On Friday, November 30, the THC held a dedication ceremony for the Porvenir Massacre Undertold Marker.
With Texas’ proximity to the Mexican Revolution and U.S. involvement in World War I, the nation confronted racial and social instability that fed, and fed on, the bloody conflicts.
Schemes to claim tracts of the U.S. for Mexico were publicized—some might say propagandized—building on the paranoia already prevalent in that area. Stories of bloodshed created a state of dread among residents on both sides of the border.
Ultimately, U.S. troops were dispatched to the border—more than 100,000 from California to Texas. These troops, along with Texas Rangers and other state officials, were tasked with policing the border. With the manpower pouring over the border, the presence of these troops dramatically heightened tensions—escalating an already volatile situation.
Only a month before the Porvenir Massacre in 1918, several Texans—mostly Mexican American citizens—were killed at Brite Ranch on Christmas Day 1917, allegedly by revolutionaries from Mexico.
Porvenir was a remote community in northwest Presidio County on the Rio Grande. The small farming and ranching settlement was the site of a notorious tragedy that took place in the midst of military conflicts, raids across and along the international border, and in the immediate area during the Mexican Revolution.
A group of Texas Rangers from Company B in Marfa, U.S. Army soldiers from Troop G of the 8th Cavalry, and local ranchers arrived at Porvenir in the early morning hours of January 28, 1918. They came to the ranch of Manuel Moralez and separated 15 able-bodied men and boys from the women, children, and other men.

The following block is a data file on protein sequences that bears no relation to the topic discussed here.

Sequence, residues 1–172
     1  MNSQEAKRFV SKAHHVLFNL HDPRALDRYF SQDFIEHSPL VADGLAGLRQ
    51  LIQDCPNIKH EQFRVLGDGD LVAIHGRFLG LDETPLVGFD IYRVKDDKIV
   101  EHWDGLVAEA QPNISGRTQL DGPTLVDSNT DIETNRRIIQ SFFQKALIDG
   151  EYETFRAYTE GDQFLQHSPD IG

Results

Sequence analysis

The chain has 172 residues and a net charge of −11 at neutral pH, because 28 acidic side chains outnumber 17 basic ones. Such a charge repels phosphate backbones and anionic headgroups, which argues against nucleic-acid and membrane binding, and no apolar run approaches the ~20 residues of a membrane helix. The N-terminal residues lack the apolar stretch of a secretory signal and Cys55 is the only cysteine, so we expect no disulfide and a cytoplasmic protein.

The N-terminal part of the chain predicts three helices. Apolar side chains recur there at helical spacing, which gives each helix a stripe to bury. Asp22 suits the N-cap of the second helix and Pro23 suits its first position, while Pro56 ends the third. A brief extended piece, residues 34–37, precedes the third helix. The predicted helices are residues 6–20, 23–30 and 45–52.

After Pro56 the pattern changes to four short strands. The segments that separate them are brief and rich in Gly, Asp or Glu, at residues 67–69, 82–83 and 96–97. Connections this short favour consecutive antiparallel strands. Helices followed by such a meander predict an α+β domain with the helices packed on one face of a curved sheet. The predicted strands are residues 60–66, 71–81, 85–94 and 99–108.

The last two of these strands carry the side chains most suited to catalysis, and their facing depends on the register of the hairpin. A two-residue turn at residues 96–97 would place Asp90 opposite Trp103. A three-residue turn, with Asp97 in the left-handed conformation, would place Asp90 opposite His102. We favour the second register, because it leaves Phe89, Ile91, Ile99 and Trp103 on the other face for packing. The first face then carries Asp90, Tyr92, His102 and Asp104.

Though initial accounts denied any wrongdoing, later testimony confirmed that these 15 victims were shot and killed.
Family members crossed the Rio Grande into Mexico to bury Antonio Castañeda, Longino Flores, Pedro Herrera, Vivian Herrera, Severiano Herrera, Manuel Moralez, Eutemio González, Ambrosio Hernández, Alberto García, Tiburcio Jáquez, Róman Nieves, Serapio Jiménez, Pedro Jiménez, Juan Jiménez, and Macedonio Huertas.
In June 1918, Gov. William P. Hobby and Adjutant Gen. James A. Harley disbanded Company B, dismissed five Rangers for their actions at Porvenir, and forced Capt. J.M. Fox’s resignation.
State Rep. J.T. Canales filed charges with the Legislature against the Texas Rangers for the oppression and murder of hundreds of ethnic Mexicans along the Rio Grande.
At an investigation beginning January 31, 1919, legislators heard and received testimony regarding several incidents, including Porvenir. As a result, the Texas Rangers were reorganized and reduced in size. In the aftermath of the attack, approximately 140 remaining residents of Porvenir abandoned the community.
In recognition of the vital need to tell the complete story of Texas, the THC implemented the Undertold Stories Marker Program to help fill historical gaps in the Lone Star State’s history.
The Undertold Story Markers, now numbering more than 170, join almost 17,000 historical markers across all 254 Texas counties, promoting stories that focus on diverse or underrepresented topics.
Unlike regular subject markers, these stories, in many cases, come directly from members of the public. This application was submitted by Dr. Monica Muñoz Martinez, a Postdoctoral Fellow at the University of Texas at Austin and an assistant professor of American Studies at Brown University.